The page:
Multiple sclerosis (MS) is an unpredictable, often disabling disease of the central nervous system that disrupts the flow of information within the brain, and between the brain and body.
It can be a challenge for doctors to diagnose multiple sclerosis (MS). There’s no one test that can definitely show if someone has it. And there are many conditions with symptoms that can seem like MS.
But a neurologist who specializes in treating the disease should be able to look into how you’re feeling and help you figure out if your symptoms mean you have MS or another problem.
SYMPTOMS OF MULTIPLE SCLEROSIS:
Multiple Sclerosis symptoms vary from person to person but there are common symptoms with MS. Those could be the following:
*Fatigue-Occurs in about 80% of people, can significantly interfere with ability to function at home and work, and may be the most prominent symptom in a person who otherwise has minimal activity limitations.
*Difficulties with your walking gait-Related to several factors including weakness, spasticity, loss of balance, sensory deficit and fatigue, and can be helped by physical therapy, assistive therapy and medications.
*Numbness or Tingling-Numbness of the face, body, or extremities (arms and legs) is often the first symptom experienced by those eventually diagnosed as having MS.
*Spasticity-Refers to feelings of stiffness and a wide range of involuntary muscle spasms; can occur in any limb, but it is much more common in the legs.
*Weakness-Weakness in MS, which results from deconditioning of unused muscles or damage to nerves that stimulate muscles, can be managed with rehabilitation strategies.
*Visual Problems-The first symptom of MS for many people. Onset of blurred vision, poor contrast or color vision, and pain on eye movement can be frightening — and should be evaluated promptly.
*Dizziness or Vertigo-People with MS may feel off balance or lightheaded, and for some even much less often have the sensation that they or their surroundings are spinning (vertigo).
*Bladder Problems-Bladder dysfunction, which occurs in at least 80% of people with MS, usually can be managed quite successfully through dietary and fluid management, medications, and catheterization.
*Sexual Problems-Very common in the general population including people with MS. Sexual responses can be affected by damage in the central nervous system, as well by symptoms such as fatigue and spasticity, and by psychological factors.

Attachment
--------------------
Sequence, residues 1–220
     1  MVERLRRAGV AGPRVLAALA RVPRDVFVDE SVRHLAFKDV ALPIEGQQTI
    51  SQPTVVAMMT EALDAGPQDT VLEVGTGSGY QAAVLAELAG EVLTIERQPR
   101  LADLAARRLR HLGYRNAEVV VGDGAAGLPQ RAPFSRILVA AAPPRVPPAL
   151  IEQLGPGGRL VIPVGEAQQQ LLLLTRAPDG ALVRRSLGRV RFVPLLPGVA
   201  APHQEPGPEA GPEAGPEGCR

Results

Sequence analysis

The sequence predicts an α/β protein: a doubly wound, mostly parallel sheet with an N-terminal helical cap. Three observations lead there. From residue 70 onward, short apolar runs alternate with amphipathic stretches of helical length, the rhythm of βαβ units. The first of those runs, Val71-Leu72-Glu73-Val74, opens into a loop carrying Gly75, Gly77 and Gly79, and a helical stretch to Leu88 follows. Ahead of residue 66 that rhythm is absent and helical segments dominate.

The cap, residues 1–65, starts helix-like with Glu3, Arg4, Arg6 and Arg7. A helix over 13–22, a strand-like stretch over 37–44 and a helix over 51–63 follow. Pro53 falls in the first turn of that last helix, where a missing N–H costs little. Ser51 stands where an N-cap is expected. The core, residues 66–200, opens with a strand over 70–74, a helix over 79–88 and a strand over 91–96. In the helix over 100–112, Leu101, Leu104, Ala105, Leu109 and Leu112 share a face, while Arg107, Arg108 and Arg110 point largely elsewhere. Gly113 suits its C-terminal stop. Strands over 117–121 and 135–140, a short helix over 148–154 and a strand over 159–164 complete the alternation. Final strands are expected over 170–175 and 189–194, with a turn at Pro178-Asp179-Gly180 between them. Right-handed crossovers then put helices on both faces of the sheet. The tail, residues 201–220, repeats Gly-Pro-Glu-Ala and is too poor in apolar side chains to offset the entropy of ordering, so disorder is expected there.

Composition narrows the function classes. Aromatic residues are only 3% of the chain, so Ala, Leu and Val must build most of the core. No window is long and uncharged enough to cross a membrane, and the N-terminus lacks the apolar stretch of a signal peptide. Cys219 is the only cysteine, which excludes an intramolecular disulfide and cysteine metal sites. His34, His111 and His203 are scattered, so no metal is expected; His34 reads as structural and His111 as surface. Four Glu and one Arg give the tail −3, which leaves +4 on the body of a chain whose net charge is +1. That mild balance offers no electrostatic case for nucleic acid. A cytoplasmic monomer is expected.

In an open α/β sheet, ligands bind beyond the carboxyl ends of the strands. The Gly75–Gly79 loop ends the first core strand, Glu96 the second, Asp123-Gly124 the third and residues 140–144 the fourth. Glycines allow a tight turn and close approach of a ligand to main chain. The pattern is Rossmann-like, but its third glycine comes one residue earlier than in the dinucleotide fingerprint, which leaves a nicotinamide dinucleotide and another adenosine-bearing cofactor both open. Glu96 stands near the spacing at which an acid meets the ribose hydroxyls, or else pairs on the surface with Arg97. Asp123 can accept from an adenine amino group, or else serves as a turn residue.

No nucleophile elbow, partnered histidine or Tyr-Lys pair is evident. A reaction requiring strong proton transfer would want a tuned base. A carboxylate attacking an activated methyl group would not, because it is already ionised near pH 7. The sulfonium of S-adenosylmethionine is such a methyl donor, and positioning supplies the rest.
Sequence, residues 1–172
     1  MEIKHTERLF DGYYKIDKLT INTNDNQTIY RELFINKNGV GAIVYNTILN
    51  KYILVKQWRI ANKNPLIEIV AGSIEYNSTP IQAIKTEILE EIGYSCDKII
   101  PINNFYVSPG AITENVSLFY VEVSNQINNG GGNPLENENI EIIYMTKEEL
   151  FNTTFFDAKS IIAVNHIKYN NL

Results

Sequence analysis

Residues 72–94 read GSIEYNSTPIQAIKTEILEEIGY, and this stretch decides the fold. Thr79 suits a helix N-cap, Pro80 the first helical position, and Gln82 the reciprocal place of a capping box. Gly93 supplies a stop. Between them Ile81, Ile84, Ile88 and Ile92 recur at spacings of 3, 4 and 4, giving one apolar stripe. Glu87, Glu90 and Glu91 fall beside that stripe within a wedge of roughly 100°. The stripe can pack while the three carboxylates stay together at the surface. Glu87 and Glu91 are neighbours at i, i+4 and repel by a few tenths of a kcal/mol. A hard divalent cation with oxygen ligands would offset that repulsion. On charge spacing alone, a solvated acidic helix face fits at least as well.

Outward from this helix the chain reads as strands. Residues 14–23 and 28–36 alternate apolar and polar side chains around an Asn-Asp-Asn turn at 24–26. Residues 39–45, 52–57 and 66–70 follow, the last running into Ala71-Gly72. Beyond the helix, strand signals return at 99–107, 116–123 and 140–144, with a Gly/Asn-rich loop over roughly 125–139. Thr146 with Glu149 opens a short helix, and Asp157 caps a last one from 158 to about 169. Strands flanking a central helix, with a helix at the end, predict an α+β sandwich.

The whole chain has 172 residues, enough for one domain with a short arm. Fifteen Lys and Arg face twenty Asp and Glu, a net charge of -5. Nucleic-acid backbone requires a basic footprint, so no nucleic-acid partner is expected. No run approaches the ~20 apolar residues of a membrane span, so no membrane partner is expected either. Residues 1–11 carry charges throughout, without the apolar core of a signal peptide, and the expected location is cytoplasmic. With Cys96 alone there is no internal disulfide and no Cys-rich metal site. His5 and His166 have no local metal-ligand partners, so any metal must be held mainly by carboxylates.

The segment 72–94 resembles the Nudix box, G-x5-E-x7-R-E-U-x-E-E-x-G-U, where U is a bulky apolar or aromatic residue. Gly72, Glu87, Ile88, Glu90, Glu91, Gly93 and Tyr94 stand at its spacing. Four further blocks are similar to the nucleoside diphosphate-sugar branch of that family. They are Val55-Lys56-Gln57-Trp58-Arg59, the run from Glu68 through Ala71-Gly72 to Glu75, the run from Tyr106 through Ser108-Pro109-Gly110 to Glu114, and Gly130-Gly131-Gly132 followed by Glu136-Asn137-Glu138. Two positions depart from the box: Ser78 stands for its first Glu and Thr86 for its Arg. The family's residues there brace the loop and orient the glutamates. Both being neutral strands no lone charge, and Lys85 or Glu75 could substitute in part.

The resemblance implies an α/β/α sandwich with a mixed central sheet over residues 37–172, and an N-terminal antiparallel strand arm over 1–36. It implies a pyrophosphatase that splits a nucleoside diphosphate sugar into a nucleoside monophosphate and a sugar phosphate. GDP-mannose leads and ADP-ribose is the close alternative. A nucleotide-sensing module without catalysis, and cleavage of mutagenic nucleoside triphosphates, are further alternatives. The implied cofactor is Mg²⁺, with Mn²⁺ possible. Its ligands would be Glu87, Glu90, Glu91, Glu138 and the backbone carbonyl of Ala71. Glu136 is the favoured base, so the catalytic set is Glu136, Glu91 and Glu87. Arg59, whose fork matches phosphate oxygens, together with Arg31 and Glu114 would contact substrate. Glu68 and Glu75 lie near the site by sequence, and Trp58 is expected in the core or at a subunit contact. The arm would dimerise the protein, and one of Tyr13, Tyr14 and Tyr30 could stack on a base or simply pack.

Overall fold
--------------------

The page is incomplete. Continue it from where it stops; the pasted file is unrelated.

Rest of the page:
*Bowel Function-Constipation is a particular concern among people with MS, as is loss of control of the bowels. Bowel issues can typically be managed through diet, adequate fluid intake, physical activity and medication.
*Pain-Pain syndromes are common in MS. In one study, 55% of people with MS had “clinically significant pain” at some time, and almost half had chronic pain.
*Cognitive changes-Refers to a range of high-level brain functions affected in 50% of people with MS, including the ability to learn and remember information, organize and problem-solve, focus attention and accurately perceive the environment.
*Emotional changes-Can be a reaction to the stresses of living with MS as well as the result of neurologic and immune changes. Bouts of depression, mood swings, irritability, and episodes of uncontrollable laughing and crying pose significant challenges for people with MS and their families.
*Depression-Studies have suggested that clinical depression — the severest form of depression — is among the most common symptoms of MS. It is more common among people with MS than it is in the general population or in persons with many other chronic, disabling conditions
Less common symptoms:
*Speech problems-this including slurring (dysarthria) and loss of volume (dysphonia) occur in approximately 25-40% of people with MS, particularly later in the disease course and during periods of extreme fatigue. Stuttering is occasionally reported as well.
*Swallowing problems — referred to as dysphagia — result from damage to the nerves controlling the many small muscles in the mouth and throat.
*Tremor, or uncontrollable shaking, can occur in various parts of the body because of damaged areas along the complex nerve pathways that are responsible for coordination of movements.
*Seizures — which are the result of abnormal electrical discharges in an injured or scarred area of the brain — have been estimated to occur in 2-5% people with MS, compared to the estimated 3% of the general population.
*Breathing Problems-Respiration problems occur in people whose chest muscles have been severely weakened by damage to the nerves that control those muscles.
*Itching-Pruritis (itching) is one of the family of abnormal sensations — such as “pins and needles” and burning, stabbing or tearing pains — which may be experienced by people with MS.
*Headaches-Although headache is not a common symptom of MS, some reports suggest that people with MS have an increased incidence of certain types of headache.
*Hearing Loss-About 6% of people who have MS complain of impaired hearing. In very rare cases, hearing loss has been reported as the first symptom of the disease.
Stayed tune Part III in modern treatments with Types of Multiple Sclerosis tomorrow!